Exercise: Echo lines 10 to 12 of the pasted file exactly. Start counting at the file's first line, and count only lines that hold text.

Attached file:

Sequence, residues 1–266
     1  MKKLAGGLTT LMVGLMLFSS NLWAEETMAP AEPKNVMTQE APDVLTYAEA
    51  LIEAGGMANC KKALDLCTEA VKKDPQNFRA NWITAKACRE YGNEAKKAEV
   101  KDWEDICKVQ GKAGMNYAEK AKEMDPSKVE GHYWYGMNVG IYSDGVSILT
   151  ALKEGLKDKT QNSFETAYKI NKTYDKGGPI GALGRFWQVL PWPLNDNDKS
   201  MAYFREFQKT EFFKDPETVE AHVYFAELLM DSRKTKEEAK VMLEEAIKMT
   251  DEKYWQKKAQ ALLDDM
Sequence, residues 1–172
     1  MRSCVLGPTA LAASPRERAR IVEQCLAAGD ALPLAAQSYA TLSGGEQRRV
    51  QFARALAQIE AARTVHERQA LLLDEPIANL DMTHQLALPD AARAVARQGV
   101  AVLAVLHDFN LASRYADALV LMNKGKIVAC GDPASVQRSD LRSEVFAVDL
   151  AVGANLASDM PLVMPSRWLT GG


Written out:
    51  QFARALAQIE AARTVHERQA LLLDEPIANL DMTHQLALPD AARAVARQGV
   101  AVLAVLHDFN LASRYADALV LMNKGKIVAC GDPASVQRSD LRSEVFAVDL
   151  AVGANLASDM PLVMPSRWLT GG